He disconnected the phone and put it back in his coat pocket. It had been an exhausting day. First the park, then breakfast, then the movies, then lunch, then the zoo, then dinner, and now he and Samantha sat together on a bench near the Reflecting Pool. All day he had basked in a warm, proud glow as total strangers had stared at him and his sister. They had all looked strangely puzzled as they watched, and Mulder felt sorry for them, that they couldn't recognize love and happiness when they saw it.

Now they sat quietly, while the night cooled around them. Samantha was tired, and she had asked him to take her someplace quiet, someplace special. The Reflecting Pool was all Mulder could think of, and he had brought her here.

"Hey, Fox, I dare you to step in the water," Samantha said, pointing at the pool. Mischief danced in her eyes.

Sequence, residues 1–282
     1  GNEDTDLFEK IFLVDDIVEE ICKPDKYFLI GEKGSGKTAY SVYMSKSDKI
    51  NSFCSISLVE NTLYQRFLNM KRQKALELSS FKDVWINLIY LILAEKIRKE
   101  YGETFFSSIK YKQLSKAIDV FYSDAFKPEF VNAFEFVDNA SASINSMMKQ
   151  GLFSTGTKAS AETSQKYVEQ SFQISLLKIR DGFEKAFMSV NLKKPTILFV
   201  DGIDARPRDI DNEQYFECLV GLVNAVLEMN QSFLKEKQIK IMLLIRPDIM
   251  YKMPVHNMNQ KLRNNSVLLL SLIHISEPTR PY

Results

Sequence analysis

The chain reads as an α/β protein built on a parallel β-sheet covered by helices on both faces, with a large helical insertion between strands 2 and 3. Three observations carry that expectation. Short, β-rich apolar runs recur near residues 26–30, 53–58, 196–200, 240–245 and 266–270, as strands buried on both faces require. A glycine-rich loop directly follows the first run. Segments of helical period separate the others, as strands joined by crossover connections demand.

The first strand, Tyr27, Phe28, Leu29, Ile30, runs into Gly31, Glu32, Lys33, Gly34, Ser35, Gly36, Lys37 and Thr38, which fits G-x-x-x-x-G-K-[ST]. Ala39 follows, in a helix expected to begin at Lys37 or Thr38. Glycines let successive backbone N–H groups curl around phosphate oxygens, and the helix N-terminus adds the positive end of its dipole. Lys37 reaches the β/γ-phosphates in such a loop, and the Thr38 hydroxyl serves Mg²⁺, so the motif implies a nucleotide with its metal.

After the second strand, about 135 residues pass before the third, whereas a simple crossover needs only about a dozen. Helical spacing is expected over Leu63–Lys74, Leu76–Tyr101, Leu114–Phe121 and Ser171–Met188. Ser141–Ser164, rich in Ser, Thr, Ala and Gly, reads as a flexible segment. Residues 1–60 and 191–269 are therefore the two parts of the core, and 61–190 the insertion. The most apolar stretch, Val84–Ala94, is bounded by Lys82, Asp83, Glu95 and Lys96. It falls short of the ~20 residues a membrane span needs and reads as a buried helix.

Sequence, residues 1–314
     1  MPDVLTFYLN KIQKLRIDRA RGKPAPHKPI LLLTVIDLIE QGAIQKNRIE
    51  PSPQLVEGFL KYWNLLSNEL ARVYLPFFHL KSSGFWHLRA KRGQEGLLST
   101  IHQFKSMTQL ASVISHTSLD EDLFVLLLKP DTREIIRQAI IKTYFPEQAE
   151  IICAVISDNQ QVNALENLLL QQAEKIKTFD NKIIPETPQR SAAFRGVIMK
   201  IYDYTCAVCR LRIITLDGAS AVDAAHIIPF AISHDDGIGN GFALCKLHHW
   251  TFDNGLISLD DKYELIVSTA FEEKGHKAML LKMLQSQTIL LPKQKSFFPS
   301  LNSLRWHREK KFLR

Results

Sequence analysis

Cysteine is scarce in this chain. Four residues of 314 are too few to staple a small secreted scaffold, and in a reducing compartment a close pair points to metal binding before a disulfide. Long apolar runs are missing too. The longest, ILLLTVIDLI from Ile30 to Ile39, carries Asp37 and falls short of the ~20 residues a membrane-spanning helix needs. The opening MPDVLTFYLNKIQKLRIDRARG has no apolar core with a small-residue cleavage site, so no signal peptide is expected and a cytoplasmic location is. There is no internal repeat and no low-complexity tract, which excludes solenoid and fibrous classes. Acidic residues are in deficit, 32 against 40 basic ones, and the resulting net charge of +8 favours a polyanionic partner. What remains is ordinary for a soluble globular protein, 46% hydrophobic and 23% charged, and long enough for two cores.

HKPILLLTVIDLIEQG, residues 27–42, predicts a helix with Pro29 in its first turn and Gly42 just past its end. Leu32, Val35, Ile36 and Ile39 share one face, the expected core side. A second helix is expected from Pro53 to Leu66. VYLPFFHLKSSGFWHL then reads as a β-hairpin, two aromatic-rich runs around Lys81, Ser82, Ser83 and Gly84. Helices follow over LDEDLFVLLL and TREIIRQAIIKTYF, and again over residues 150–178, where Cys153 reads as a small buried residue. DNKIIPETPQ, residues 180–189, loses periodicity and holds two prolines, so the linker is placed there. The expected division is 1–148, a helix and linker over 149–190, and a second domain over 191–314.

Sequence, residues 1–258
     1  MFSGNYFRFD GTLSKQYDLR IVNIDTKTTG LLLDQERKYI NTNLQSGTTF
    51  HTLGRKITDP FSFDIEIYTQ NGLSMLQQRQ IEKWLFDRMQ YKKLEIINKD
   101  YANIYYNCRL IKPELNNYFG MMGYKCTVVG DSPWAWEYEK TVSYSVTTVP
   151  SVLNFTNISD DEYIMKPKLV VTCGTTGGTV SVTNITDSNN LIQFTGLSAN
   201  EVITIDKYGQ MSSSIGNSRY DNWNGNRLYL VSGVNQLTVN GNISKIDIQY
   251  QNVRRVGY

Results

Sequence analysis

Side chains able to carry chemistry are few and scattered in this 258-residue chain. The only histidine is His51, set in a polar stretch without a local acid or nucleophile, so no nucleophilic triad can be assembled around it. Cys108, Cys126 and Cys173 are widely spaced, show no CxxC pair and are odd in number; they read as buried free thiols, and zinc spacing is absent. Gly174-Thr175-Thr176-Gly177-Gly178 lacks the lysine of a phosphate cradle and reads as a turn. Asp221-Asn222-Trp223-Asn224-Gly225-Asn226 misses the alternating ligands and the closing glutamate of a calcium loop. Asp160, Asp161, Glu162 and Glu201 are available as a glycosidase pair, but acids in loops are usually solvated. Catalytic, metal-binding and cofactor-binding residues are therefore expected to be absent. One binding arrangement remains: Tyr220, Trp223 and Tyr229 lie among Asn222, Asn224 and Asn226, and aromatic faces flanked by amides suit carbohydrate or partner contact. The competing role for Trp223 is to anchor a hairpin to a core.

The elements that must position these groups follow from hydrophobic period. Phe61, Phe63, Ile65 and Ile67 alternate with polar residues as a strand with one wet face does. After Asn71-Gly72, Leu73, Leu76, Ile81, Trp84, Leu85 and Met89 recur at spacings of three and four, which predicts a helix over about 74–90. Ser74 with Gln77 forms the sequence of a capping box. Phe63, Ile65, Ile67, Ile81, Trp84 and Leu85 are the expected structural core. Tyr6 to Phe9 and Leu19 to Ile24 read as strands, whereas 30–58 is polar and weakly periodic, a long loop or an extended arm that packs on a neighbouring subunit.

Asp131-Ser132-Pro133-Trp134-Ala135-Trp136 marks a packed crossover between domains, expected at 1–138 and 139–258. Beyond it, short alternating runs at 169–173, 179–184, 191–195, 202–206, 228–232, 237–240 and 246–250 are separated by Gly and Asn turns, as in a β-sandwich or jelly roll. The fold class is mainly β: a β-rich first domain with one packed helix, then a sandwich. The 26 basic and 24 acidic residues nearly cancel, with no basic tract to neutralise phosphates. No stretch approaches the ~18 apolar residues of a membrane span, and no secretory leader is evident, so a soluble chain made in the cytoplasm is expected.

"Samantha," he said reprovingly, but mentally he was alread going for a swim. All day he had been unable to deny his sister anything, and had cheerfully made a fool of himself for her. Anything to make her laugh, to hear that wonderful sound.

"Come on, Fox. Are you chicken?" Samantha socked her fists into her armpits and flapped her arms. "Bawk, bawk, bawk!" she called, her pointy nose bobbing up and down. "Fox is a chicken! Fox is a fraidy-cat!"

Mulder scooped up his sister and stood up. "I'll show you who's chicken," he said, striding toward the Reflecting Pool.

"No! Fox, no!" Samantha twisted in his arms, struggling, but her face was alight with laughter, and she interspersed her cries with chicken noises.

Mulder deliberately stepped into the pool until it reached his hips, and casually deposited his sister in the cold water. She sank under, then came spluttering to the surface, sitting on the bottom step. "Fox!" she hollered. "You're mean!"